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IdentifierCreatedClassificationOrigin
07ANKARA588 2007-03-14 15:34:00 CONFIDENTIAL Embassy Ankara
Cable title:  

TURKEY: PRESSURE MOUNTING ON PM ERDOGAN BEFORE

Tags:   PGOV PREL TU 
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					  C O N F I D E N T I A L SECTION 01 OF 02 ANKARA 000588 

SIPDIS

SIPDIS

E.O. 12958: DECL: 03/02/2027
TAGS: PGOV PREL TU
SUBJECT: TURKEY: PRESSURE MOUNTING ON PM ERDOGAN BEFORE
PRESIDENTIAL NOMINATIONS

REF: ANKARA 563

Classified By: Ambassador Ross Wilson for Reasons 1.4 (b, d)



1. (C) SUMMARY: Prime Minister Erdogan is the target of a
growing pressure campaign from various quarters in the run-up
to the filing for presidential candidacy on April 16. Recent
remarks by military and opposition leaders, along with
provocative media campaigns, are ratcheting up the tension in
an effort to force the ruling Justice and Development Party
(AKP) to respond or, preferably, stumble. Numerous events
planned for the election period will also offer Erdogan's
adversaries an opportunity to provoke and intensify the
current atmosphere of anxiety. The potential for this
pressure to generate a crisis situation is real, though
opponents of an Erdogan presidency have so far largely been
unable to mobilize the public. Both Erdogan and the
establishment, particularly the TGS, must calculate carefully
the risks of further increasing tensions in an already
volatile atmosphere. END SUMMARY.



2. (C) Chief of the General Staff General Yasar Buyukanit's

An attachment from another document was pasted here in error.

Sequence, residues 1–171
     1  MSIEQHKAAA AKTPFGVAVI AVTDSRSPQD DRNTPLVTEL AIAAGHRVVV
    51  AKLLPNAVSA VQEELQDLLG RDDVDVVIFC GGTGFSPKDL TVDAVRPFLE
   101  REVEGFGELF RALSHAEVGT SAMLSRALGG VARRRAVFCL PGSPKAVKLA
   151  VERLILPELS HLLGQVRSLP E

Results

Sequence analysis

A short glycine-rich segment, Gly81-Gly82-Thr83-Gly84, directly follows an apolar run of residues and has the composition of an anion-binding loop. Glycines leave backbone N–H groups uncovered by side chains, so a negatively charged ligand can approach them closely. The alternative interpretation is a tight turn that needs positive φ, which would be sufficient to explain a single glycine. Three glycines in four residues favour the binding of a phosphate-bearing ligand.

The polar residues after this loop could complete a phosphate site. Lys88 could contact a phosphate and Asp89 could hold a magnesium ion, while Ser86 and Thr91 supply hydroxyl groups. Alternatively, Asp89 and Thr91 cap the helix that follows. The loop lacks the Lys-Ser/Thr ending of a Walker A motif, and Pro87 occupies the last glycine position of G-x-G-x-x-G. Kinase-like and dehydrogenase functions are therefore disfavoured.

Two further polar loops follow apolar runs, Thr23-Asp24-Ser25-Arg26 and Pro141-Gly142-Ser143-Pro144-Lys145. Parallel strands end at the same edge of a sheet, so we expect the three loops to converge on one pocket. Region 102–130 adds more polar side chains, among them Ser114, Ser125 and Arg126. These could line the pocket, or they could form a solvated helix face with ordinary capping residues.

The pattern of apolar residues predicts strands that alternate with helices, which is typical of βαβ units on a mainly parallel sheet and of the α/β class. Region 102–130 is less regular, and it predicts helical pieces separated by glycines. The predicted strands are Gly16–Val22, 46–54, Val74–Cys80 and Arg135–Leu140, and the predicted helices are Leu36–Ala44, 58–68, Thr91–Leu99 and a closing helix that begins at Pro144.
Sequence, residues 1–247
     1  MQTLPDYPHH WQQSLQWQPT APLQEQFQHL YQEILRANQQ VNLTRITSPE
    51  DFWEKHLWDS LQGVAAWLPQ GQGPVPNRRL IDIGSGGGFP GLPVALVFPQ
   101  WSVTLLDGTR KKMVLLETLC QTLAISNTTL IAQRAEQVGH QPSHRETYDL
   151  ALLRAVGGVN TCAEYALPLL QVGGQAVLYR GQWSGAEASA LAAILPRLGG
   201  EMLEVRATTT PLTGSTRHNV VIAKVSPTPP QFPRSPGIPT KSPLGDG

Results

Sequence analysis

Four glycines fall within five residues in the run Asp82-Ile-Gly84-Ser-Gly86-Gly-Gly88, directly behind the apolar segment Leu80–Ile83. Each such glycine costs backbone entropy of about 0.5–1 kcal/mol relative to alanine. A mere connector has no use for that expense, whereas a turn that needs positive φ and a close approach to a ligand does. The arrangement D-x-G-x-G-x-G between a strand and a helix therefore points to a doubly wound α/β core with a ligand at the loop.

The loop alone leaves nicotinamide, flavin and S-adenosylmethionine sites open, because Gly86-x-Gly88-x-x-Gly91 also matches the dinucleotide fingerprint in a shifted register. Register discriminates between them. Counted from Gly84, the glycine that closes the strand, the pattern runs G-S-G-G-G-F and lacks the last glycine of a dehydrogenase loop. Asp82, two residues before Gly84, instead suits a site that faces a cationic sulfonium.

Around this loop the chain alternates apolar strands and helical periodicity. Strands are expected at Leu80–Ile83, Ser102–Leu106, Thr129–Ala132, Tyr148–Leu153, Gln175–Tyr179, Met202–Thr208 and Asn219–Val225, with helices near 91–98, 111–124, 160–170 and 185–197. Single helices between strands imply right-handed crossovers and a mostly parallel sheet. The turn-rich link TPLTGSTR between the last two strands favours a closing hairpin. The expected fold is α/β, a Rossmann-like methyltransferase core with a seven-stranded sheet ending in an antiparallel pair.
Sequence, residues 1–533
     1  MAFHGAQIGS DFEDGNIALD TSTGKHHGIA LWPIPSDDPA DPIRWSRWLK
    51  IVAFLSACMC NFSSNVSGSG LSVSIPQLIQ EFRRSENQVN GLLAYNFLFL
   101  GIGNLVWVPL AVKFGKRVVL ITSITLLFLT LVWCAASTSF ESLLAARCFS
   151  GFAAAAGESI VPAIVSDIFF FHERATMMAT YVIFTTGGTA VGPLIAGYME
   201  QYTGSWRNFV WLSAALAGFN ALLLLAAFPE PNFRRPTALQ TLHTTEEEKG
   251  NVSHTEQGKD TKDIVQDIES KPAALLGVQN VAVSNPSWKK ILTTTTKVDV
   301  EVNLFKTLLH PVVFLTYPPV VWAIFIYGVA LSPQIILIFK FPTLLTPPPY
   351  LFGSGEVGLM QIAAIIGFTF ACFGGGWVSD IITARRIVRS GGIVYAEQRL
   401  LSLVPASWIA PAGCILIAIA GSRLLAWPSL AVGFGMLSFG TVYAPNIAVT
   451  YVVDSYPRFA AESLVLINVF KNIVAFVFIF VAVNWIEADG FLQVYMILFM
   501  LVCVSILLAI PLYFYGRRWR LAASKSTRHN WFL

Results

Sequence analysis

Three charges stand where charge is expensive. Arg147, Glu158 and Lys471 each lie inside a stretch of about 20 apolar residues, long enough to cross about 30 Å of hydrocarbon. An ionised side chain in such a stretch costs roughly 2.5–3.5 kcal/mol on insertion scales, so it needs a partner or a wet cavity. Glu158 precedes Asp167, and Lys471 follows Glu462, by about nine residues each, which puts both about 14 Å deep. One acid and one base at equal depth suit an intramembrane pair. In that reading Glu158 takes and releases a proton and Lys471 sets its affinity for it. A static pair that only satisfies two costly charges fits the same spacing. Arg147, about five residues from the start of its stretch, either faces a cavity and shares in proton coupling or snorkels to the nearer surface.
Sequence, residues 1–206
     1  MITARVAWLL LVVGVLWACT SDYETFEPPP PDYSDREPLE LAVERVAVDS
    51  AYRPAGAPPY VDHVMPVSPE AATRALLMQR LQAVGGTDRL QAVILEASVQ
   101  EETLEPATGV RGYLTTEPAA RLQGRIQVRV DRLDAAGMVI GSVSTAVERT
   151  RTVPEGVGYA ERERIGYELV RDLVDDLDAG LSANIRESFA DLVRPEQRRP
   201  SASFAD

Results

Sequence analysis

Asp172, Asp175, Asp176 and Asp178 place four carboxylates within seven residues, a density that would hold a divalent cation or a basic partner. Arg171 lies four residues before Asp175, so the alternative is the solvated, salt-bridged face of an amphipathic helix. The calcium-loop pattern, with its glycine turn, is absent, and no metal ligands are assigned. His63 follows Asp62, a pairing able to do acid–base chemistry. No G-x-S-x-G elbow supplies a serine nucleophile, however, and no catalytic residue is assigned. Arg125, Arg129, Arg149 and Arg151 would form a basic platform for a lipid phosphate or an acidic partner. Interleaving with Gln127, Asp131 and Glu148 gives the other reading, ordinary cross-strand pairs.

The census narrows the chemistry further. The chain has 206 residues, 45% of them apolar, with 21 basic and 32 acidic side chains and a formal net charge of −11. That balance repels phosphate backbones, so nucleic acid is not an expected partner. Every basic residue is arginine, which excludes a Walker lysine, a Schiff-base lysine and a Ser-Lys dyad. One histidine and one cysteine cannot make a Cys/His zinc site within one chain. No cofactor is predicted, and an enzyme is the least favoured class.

public sparring with the AKP (reported reftel) has elevated
tensions here. Combined with the 10th anniversary of the
TGS's "February 28 process" (the post-modern coup that
resulted in the collapse of the then-Islamist-led
government), this has renewed focus on just how delicate the
balance is between military and the AKP-led civilian
government. Former military officers, often interpreted as
messengers for TGS, have been forthright in their opposition
to an Erdogan presidency. Former TGS chief General Gunes
recently said that Erdogan should not become the president;
should he insist on it, "chaos will emerge" because the
military would refuse to go to the presidential palace (in
part because Erdogan's wife wears a headscarf). He spoke
favorably of former TGS chief General Hilmi Ozkok becoming
president.



3. (C) Republican People's Party (CHP) chairman Deniz Baykal
on the same day also publicly invoked the specter of "chaos."
He resurrected his claim that AKP needs two-thirds of
parliament to open the session for the first round of
presidential voting (which would require the presence of at
least 13 non-AKP members) and asserted that the issue may be
referred to the Constitutional Court. If the Court were to
find that the first round had not been valid and conclude
that the president had not been elected legitimately, Turkey
would automatically hold parliamentary elections in 90 days.
The opposition pushed this strategy forcefully in January in
an attempt to force the AKP to put up a compromise candidate
or hold parliamentary elections prior to, rather than after,